When you are arrested for driving under the influence (DUI), it is not only a criminal case you need to defend. The Nebraska Department of Motor Vehicles (DMV) is also involved and will begin the Administrative License Revocation (ALR) procedure to take away your driver’s license.

When you are first arrested for drunk driving, the arresting officer will usually take your driver's license and issue you a 15-day temporary license. You then have only 10 days to request a hearing with the DMV. If you fail to request your hearing within that time frame, your license will be suspended.

Understanding the ALR laws and procedures can be extremely frustrating for those not familiar with this system. A common mistake made by those accused of DUI, is to try to figure out these laws and procedures by themselves before hiring a qualified DUI defense lawyer. This is one area of law where details really do matter and it is not     recommended that you attempt to "do it yourself".

Steve Baxley can effectively represent you throughout the ALR process in an effort to save your ability to drive, or to reduce the negative impact upon your privilege to drive. He has the training, experience and knowledge to help you understand your particular situation. When you hire the Baxley Law Office, you get peace of mind that Steve is personally handling every aspect of your DUI case.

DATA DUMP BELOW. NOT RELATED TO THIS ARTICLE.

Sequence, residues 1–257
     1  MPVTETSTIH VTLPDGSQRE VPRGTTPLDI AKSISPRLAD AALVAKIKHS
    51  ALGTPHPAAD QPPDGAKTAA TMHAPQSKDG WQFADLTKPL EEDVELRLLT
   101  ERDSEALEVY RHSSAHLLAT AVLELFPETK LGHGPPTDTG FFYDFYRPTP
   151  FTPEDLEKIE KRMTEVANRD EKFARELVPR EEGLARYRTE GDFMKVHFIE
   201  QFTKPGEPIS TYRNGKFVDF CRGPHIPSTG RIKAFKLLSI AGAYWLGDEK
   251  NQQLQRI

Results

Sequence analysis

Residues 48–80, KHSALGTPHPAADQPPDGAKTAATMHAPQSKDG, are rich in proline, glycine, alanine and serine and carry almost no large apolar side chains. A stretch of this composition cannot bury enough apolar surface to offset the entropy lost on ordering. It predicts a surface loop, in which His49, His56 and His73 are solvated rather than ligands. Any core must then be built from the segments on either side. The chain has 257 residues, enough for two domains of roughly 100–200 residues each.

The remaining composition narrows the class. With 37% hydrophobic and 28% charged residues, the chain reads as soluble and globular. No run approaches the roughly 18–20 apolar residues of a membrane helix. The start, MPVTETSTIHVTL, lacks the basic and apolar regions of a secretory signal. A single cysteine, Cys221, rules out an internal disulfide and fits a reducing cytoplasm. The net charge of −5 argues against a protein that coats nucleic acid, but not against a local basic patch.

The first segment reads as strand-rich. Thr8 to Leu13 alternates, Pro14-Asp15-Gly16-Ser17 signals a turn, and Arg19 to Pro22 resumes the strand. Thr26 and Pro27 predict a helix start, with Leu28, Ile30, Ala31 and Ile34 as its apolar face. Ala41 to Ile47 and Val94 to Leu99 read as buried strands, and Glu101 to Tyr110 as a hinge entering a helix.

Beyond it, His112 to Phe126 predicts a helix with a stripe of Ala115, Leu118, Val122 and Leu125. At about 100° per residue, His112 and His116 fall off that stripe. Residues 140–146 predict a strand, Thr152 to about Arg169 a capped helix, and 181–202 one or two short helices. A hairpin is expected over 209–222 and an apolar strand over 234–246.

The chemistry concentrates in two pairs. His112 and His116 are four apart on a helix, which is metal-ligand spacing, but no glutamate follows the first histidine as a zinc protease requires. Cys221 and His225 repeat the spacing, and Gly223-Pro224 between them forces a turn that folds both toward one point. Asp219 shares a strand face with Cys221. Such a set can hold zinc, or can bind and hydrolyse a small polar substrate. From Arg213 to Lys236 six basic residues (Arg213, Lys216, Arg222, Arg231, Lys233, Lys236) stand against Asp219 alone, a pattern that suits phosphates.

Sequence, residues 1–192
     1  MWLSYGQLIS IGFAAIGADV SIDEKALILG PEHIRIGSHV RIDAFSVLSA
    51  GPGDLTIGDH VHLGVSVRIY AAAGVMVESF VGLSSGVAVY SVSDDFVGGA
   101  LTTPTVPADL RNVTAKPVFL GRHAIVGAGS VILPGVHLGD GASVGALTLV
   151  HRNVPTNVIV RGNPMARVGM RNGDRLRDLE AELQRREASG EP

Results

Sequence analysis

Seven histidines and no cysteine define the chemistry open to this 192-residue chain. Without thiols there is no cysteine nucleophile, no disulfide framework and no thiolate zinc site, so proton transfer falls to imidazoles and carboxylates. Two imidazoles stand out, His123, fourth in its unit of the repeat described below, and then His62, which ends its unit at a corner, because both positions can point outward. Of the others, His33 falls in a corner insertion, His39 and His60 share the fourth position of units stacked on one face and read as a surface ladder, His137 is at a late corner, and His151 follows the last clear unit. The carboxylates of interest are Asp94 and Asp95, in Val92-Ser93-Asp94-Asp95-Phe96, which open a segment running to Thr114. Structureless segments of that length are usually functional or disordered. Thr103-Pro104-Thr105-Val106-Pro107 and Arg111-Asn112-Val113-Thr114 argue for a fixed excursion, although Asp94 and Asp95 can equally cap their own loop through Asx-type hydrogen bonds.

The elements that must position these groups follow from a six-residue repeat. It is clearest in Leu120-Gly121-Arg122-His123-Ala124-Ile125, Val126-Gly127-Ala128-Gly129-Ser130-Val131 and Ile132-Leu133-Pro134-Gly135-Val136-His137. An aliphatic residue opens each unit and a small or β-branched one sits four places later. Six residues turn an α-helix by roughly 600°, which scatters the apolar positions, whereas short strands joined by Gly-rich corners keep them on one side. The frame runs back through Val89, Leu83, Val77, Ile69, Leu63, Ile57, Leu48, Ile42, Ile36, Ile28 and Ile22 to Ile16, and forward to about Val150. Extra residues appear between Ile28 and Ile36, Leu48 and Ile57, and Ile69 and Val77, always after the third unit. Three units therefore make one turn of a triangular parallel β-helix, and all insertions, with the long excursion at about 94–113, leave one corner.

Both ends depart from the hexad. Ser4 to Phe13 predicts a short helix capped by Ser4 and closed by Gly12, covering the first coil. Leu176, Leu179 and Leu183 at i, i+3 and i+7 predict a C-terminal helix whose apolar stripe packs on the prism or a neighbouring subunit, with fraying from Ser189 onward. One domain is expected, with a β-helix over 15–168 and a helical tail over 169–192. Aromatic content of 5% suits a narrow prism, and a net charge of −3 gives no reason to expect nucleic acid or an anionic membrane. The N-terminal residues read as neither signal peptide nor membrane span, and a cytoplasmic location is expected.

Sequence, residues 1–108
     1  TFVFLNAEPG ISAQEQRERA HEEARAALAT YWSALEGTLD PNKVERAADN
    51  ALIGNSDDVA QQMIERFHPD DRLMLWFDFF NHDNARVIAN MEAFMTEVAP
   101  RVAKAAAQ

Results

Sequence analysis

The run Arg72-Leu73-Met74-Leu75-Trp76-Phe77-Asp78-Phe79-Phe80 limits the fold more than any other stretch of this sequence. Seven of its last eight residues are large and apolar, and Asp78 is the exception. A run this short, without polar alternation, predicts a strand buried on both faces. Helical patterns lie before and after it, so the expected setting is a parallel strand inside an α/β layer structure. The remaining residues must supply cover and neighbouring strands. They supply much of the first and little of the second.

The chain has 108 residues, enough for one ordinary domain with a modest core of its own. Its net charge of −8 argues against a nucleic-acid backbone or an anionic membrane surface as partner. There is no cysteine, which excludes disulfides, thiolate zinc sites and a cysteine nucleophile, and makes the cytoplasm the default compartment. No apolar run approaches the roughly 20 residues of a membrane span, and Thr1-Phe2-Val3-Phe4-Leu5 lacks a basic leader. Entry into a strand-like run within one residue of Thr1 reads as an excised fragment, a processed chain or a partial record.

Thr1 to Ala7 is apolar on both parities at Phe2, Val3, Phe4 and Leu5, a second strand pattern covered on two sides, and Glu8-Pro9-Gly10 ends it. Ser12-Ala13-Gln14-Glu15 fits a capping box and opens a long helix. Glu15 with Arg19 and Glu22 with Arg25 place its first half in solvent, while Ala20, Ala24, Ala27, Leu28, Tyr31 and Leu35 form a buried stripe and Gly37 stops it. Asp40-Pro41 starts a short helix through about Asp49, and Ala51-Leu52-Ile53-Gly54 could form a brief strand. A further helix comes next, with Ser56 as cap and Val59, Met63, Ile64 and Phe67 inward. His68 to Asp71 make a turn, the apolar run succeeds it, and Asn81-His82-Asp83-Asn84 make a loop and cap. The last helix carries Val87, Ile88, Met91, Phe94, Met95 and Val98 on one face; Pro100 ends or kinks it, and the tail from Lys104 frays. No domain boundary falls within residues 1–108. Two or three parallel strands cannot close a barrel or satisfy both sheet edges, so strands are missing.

Administrative License Revocations

To Request an ALR or not; that is the question!

If someone chooses to have an ALR hearing and is successful, then the license is not suspended - but it may be later in the criminal case.  However, if you have a hearing and you are unsuccessful, then those who have refused a breath or blood test will have their driver’s license revoked for one year. Those who took the breath or blood test, but failed it, will face a 180-day license revocation (for first offense), or 1 year (for any subsequent offenses within the last 15 years).  But, when the temporary license expires, many clients are eligible for an Ignition Interlock Permit.

​The decision of whether to file a petition to request an ALR hearing to challenge the revocation has become more difficult in recent years. Currently, if someone requests an ALR hearing and is unsuccessful, then they will not be eligible for the Ignition Interlock Permit, unless ordered by the court later. So, this decision should only be made after consulting with a qualified and experienced DUI defense lawyer who can advise you based on the specific facts of your case.